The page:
Information from the outside world comes through our senses. The standard model of memory assumes that information is first processed in sensory memory, where part of all the available information is saved for further processing (in short term memory).

Visual Sensory Memory

Sperling & Iconic Memory

In 1960, George Sperling published the first experiments with visual sensory memory, or iconic memory. These involved presenting very briefly a display of 12 letters to participants, and asking them to report what they saw. Sperling found that about 37% of the letters were reported, regardless of how long the duration of the presentation (5 milliseconds [msec] to 500 msec). These results suggested to Sperling that the people might be having trouble reporting the letters rather than seeing them per se.

Thus, Sperling asked participants to report only one of the lines in the display; an auditory signal indicated which line to report. He found participants were reporting about 75% of the letters. Together these suggests that sensory memory has a brief duration, but a large capacity.

Averbach and Coriell (1961) also did an iconic memory experiment that used a visual cue to indicate to participants which letter to report. They found that if the cue was close to the space where the item to be reported had been, then performance was fine. However, if the visual cue was in the same place as the item to be reported had been in, then reporting was very poor. This result led to the term backward masking, which occurs when one stimulus obliterates any sensation of the immediately prior stimulus. Essentially, the latter stimulus is completely taking the place of the former stimulus, so that the former is no longer in memory. Backward masking demonstrates the principle of interference, which is one of the manners that information can be lost from memory (the other is decay - the memory sort of wears out, decays over time to nothing).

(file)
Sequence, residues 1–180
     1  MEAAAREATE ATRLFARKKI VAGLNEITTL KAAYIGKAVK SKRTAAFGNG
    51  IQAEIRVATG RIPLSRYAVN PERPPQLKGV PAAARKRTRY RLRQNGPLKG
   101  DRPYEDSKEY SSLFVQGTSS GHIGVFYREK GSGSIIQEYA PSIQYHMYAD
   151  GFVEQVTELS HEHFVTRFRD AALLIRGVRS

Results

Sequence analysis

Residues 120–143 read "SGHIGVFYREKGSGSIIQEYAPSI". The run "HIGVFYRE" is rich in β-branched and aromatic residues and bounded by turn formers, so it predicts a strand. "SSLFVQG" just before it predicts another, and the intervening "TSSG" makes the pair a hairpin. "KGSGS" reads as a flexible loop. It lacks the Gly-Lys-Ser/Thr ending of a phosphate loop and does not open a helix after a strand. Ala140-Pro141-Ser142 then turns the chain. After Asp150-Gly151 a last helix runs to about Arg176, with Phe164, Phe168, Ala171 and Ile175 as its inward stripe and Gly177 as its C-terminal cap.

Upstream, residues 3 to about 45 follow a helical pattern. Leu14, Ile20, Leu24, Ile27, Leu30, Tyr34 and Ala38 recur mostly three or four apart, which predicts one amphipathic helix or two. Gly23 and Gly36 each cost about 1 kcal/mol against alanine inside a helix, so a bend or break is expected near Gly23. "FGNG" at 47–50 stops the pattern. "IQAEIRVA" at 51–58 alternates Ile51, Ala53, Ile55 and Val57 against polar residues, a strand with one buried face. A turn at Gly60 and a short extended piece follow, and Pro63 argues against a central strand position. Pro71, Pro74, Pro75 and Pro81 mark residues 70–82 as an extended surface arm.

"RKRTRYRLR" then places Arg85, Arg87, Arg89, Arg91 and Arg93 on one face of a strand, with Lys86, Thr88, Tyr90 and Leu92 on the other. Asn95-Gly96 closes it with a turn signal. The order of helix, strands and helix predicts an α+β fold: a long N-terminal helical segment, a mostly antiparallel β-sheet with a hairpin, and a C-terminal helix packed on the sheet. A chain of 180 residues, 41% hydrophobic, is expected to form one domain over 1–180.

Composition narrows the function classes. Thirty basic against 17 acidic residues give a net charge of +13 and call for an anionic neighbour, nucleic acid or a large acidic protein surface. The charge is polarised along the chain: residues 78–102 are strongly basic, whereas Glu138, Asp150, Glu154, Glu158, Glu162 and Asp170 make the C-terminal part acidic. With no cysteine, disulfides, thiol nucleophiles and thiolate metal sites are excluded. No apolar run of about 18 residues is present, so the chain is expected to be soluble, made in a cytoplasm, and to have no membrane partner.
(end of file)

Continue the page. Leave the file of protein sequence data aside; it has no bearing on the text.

The ecological validity of iconic memory has been questioned as some have suggested that we never experience the same conditions as participants in iconic memory experiments experience (sitting in a dark room with little flashes of lights going on periodically), so the results are not applicable to every day situations. However, our vision at the level of the eyes is actually quite discrete, as we jump from looking at one place to another. That is we fixate on one part of space, and then jump to another. These movements are known as saccades.

Share this article :

Ayo berlangganan Lowongan Pekerjaan - Peluang Kerja 2011! Silahkan daftarkan email anda untuk info Lowongan Kerja terupdate dari blog Lowongan Kerja, beasiswa dan peluang usaha ini.

2 Responses to "SENSORY MEMORY part 1"

  1. Udah aku pasang linknya om, link aku pasang ya, thanks...

Leave a Reply

Silahkan memberikan komentar di blog Belajar Blog, Psikologi, Bisnis Online, Lowongan Pekerjaan. Kalau ada informasi lowongan pekerjaan atau info peluang usaha, jangan ragu untuk berbagi disini Page Lowongan Kerja on Facebook.

Blog Widget by LinkWithin